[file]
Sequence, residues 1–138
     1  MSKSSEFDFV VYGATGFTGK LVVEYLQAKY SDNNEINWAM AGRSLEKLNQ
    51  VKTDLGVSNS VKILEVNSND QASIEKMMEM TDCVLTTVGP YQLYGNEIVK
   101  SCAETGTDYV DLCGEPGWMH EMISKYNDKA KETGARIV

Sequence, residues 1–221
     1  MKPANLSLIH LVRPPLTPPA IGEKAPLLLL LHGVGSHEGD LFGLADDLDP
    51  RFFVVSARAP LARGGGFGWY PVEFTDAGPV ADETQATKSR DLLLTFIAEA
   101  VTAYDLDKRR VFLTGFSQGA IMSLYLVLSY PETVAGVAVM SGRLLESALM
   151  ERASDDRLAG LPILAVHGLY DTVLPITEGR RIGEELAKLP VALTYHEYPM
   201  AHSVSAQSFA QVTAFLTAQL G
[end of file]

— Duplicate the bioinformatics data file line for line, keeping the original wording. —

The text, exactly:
Sequence, residues 1–138
     1  MSKSSEFDFV VYGATGFTGK LVVEYLQAKY SDNNEINWAM AGRSLEKLNQ
    51  VKTDLGVSNS VKILEVNSND QASIEKMMEM TDCVLTTVGP YQLYGNEIVK
   101  SCAETGTDYV DLCGEPGWMH EMISKYNDKA KETGARIV

Sequence, residues 1–221
     1  MKPANLSLIH LVRPPLTPPA IGEKAPLLLL LHGVGSHEGD LFGLADDLDP
    51  RFFVVSARAP LARGGGFGWY PVEFTDAGPV ADETQATKSR DLLLTFIAEA
   101  VTAYDLDKRR VFLTGFSQGA IMSLYLVLSY PETVAGVAVM SGRLLESALM
   151  ERASDDRLAG LPILAVHGLY DTVLPITEGR RIGEELAKLP VALTYHEYPM
   201  AHSVSAQSFA QVTAFLTAQL G